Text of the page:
LifeCase and LifeApp System
A complete diabetes management device using phones already in widespread use. The innovation turns a phone into a single testing and insulin administration system.
DiabetesMine, United States
The most innovative ideas do not always come from a discipline’s own experts, sometimes answers are provided by individuals or groups in unrelated industries. They are not constrained by a particular field’s conventional approach and can view a problem from a new perspective. That is one of the advantages of open innovation.
Embracing Open Innovation
There is plenty of evidence to show that some of the most innovative ideas come from an intersection of disciplines, and one way to stimulate individuals from different fields is through open innovation. In recent years various branches of medicine have been starting to embrace it whole heartedly.
DiabetesMine is one of the most popular health blogs on the Internet that covers diabetes. In 2009 it launched the DiabetesMine Design Challenge to encourage students, engineers, inventors and entrepreneurs to come up with new ideas, tools and concepts to improve life for people with diabetes.
Diabetes Open Innovation Challenge
Diabetics typically have to rely on a considerable number of devices to manage their condition and these include pumps, meters and injectors. Amy Tenderich, the host of DiabetesMine wants things to change so that people with diabetes can have access to instruments that are easier to handle and control. And so she turned to the crowd to see what they could come up with.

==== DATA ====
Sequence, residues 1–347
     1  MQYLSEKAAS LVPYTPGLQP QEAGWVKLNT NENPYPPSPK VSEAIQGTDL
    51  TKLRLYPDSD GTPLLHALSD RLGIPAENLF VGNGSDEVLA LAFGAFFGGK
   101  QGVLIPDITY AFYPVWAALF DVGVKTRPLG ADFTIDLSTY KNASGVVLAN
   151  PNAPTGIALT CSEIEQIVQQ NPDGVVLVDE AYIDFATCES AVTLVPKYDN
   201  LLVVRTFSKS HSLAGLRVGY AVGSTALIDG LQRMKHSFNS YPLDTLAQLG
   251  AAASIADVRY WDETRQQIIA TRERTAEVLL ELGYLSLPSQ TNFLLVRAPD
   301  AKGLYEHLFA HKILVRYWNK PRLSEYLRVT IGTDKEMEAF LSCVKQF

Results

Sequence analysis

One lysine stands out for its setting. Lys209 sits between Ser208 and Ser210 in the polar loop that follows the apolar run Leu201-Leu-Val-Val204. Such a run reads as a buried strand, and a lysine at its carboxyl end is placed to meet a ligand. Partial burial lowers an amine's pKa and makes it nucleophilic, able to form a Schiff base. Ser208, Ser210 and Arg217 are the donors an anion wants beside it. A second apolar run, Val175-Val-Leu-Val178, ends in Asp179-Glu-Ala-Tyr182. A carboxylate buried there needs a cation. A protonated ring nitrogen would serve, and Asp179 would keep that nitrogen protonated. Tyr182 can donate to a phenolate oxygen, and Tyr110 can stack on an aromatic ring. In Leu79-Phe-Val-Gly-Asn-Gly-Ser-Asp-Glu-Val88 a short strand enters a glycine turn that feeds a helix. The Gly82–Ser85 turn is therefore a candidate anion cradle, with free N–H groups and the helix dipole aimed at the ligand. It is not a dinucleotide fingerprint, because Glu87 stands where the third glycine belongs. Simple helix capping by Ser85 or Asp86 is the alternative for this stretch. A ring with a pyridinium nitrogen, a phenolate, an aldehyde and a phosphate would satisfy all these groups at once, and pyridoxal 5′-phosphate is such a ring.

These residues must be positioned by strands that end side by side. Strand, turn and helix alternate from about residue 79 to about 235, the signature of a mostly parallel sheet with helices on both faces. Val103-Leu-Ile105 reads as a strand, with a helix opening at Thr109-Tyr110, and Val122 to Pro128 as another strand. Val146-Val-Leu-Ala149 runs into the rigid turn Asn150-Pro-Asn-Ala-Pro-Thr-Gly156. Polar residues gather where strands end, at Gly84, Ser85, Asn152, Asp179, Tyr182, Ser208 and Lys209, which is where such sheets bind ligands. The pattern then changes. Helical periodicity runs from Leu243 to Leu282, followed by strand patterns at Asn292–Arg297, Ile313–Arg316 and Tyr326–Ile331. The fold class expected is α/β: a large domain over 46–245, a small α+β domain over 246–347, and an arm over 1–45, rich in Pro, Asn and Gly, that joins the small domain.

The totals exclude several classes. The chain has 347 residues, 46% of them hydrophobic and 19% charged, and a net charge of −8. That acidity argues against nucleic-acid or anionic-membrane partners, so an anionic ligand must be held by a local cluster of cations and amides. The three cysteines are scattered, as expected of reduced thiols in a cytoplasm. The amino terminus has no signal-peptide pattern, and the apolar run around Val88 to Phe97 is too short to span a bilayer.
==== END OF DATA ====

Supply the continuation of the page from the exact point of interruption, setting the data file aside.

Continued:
The idea for the contest came to her after she posted an open letter to Apple CEO Steve Jobs in 2007 calling for the best consumer design experts to focus on and revolutionize the design of diabetes devices. In the months that followed large numbers of individuals and organizations come forward with ideas and prototypes for a range of gadgets including insulin pumps and glucose meters.
Inspired by this activity she set up the open innovation competition. A $17,000 prize fund was provided by the nonprofit California HealthCare Foundation and more than 150 entries were submitted.
The Grand Prize winners were Eric Schickli and Samantha Katz, two graduate students from Northwestern University for their idea called LifeCase and LifeApp System.
It is a complete diabetes management solution that can be housed inside a mobile phone to replace the multiple devices that a person with diabetes has to carry with them.
The LifeCase attaches to a standard iPhone allowing users to manage every aspect of their condition. This hardware component integrates a glucose meter, lanser and strip storage into an iPhone case, and it uses the phone's screen to display information.
The LifeApp connects wirelessly with a user’s insulin pump which means it can be made smaller and less obtrusive as it no longer requires its own interface. What's more, this technology can be adapted for use on every type of smart phone.
Schickli and Katz received a $10,000 cash reward and are using their winnings to further develop their idea as Schickli discussed on the DiabetesMine
“We’d like to refine our system. We realize that not everybody would use all the features, so we’d like to make it more customizable, but the setup can’t be so complicated that it becomes a disincentive to use. Maybe we’ll create a full-blown app with all the data manipulation, and also a light version.”
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